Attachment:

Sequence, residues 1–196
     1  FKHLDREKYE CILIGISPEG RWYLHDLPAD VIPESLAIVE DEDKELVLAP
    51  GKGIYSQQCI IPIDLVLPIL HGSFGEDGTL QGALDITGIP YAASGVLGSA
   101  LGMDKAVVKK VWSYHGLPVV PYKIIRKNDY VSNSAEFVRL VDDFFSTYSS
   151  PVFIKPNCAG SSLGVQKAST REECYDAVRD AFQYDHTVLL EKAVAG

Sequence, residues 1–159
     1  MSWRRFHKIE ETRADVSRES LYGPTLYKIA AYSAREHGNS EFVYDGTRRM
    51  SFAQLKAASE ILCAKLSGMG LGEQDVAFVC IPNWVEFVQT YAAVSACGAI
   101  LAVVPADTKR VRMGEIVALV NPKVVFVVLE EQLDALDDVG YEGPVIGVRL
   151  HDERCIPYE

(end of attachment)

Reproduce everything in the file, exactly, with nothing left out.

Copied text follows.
Sequence, residues 1–196
     1  FKHLDREKYE CILIGISPEG RWYLHDLPAD VIPESLAIVE DEDKELVLAP
    51  GKGIYSQQCI IPIDLVLPIL HGSFGEDGTL QGALDITGIP YAASGVLGSA
   101  LGMDKAVVKK VWSYHGLPVV PYKIIRKNDY VSNSAEFVRL VDDFFSTYSS
   151  PVFIKPNCAG SSLGVQKAST REECYDAVRD AFQYDHTVLL EKAVAG

Sequence, residues 1–159
     1  MSWRRFHKIE ETRADVSRES LYGPTLYKIA AYSAREHGNS EFVYDGTRRM
    51  SFAQLKAASE ILCAKLSGMG LGEQDVAFVC IPNWVEFVQT YAAVSACGAI
   101  LAVVPADTKR VRMGEIVALV NPKVVFVVLE EQLDALDDVG YEGPVIGVRL
   151  HDERCIPYE